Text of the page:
Lord Desai on the future of Gordon Brown's leadership
Labour's "only hope" of winning the next election is a "changed, improved" Gordon Brown, a senior Labour peer has told the BBC.
If he cannot change, Lord Desai said, the prime minister should be asked to "move over" for the sake of the party.
But former deputy prime minister John Prescott defended Mr Brown, saying he was the "one man in our whole system" who could solve Britain's problems.
"Let's have a bit of trust. Gordon can do the job," Mr Prescott said.
"Let's get behind him - nobody's got any appetite for replacing [him]."
Mr Prescott was speaking as pressure mounted on the prime minister following Labour's crushing defeat in the Crewe and Nantwich by-election.
He told BBC Radio 5 Live: "This man has got a record to show how he can improve it [the country].
Gordon Brown is our only leader and we have to either win with him or lose with him
Lord Desai, Labour peer
"I want that man at the helm, who knows what the problems are, has shown he's done it over the last 10 years and if he doesn't smile too much, so what, judge him on his record."
Mr Prescott's support came after he described Mr Brown as "annoying and prickly" in his recent autobiography.
Earlier, his successor, the current deputy Labour leader Harriet Harman, said the vast majority of Labour members were "solidly behind" Mr Brown.
But former foreign secretary Margaret Beckett said Mr Brown must learn from the electorate's "clear desire to see a change of course".
Lord Desai, a leading economist, said there was "no choice for the Labour party except to live with Gordon Brown".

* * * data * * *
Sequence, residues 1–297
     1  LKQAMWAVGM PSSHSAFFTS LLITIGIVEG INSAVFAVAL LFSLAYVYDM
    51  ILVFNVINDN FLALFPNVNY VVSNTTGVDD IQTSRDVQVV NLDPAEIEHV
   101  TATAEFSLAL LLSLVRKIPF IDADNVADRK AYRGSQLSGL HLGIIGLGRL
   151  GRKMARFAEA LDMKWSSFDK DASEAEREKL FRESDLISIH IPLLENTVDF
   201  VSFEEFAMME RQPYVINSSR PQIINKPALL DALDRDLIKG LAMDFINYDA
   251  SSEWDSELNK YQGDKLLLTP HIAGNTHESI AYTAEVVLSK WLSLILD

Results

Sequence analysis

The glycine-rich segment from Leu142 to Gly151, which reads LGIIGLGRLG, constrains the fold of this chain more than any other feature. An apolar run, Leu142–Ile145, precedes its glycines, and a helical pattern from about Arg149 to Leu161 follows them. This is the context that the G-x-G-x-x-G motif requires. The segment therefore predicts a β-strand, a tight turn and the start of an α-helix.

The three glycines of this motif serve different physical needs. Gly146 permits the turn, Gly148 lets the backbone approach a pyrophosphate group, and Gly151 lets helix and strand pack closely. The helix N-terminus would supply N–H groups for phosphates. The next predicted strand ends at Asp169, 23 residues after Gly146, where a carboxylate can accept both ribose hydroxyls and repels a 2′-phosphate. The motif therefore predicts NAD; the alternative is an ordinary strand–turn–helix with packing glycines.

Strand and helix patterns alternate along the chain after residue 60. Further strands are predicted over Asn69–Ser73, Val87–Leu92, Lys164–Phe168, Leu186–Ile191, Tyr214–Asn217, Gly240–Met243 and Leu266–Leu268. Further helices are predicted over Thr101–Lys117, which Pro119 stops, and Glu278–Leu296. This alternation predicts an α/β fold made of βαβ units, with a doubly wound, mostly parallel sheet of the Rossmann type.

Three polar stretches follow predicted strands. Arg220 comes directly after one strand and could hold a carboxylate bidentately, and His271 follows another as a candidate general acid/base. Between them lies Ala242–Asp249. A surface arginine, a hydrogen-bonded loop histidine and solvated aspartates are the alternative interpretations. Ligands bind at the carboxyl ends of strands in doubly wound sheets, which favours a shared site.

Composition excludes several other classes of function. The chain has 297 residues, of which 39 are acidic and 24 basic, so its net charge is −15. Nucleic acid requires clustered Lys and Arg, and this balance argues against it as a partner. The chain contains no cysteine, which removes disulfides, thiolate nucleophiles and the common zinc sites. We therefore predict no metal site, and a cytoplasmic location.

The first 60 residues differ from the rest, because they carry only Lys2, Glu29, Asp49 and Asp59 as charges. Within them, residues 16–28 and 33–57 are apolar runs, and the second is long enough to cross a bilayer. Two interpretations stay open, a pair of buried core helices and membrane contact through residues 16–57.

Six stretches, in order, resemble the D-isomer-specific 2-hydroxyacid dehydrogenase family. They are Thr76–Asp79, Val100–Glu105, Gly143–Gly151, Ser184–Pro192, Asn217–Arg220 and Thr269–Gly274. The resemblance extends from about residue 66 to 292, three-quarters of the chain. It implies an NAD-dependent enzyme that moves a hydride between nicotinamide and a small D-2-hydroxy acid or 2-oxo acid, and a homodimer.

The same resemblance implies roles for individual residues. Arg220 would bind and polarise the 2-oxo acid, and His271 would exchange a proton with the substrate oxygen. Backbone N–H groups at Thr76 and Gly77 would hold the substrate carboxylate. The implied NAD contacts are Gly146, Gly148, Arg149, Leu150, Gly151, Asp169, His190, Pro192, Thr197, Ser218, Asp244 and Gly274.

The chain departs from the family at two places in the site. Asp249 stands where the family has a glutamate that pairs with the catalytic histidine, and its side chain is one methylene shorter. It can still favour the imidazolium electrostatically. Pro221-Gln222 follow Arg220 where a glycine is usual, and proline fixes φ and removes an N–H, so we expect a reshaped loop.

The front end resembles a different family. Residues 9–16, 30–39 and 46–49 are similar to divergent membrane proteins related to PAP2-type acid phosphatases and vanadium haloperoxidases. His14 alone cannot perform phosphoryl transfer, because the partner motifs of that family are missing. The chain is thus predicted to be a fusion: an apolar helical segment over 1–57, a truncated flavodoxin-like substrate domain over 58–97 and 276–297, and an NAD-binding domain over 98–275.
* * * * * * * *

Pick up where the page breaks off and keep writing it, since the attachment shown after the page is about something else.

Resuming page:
"He should say to the party, 'Put up or shut up. I am your leader, if anybody wants to challenge me, here I am, try it.'
"Nobody's going to do it and that will establish his authority."
Lord Desai said that, although change would not be easy, there was still hope: "I know he has difficulty changing his style, he's set in his ways, but we can recover because, policy-wise, Gordon Brown still has good ideas.
"Gordon Brown is our only leader and we have to either win with him or lose with him."
But the peer said if Mr Brown did not respond to criticism, Justice Secretary Jack Straw should take his place.
Jack doesn't think this is the time for a leadership challenge
Spokesman for Justice Secretary Jack Straw
"Either we require a changed, improved Gordon Brown to lead us, and we still hope for that, or somebody has to say, 'Please for the sake of the party that you love, move over', but I don't think it's going to happen."
A spokesman for Mr Straw said the Crewe by-election result was a message "for all of the party, not just Gordon".
"Jack doesn't think this is the time for a leadership challenge. Everyone in cabinet is just getting on with the job."
Michael Meacher, the former environment minister who tried to contest Gordon Brown for leadership of the Labour party last year, says it was time for a radical change in direction.
He told the BBC: "I think new Labour is dead - I think the policies which have been pursued have not sufficiently represented those that the Labour party has always represented.
"Of course we need the middle ground - that is one thing that new Labour certainly emphasised in its early years and I totally accept that - you can't win an election just on your core vote.
"But you do have to ensure that that core vote is satisfied and is backing you."
We've got to find out what's wrong and do something about it.
Austin Mitchell, Labour MP for Grimsby
Austin Mitchell, Labour MP for Grimsby, told BBC Radio 4 that there was no point in changing leader, but Mr Brown must learn to listen more.
"We've never actually listened and, to be fair, Gordon hasn't listened to us," he said.
"Well, now we've got to listen and we've got to find out what's wrong and do something about it."
Labour MP Phyllis Starkey said: "I certainly don't think that if we revert into an internal party dispute that we're going to increase our standing with the electorate.
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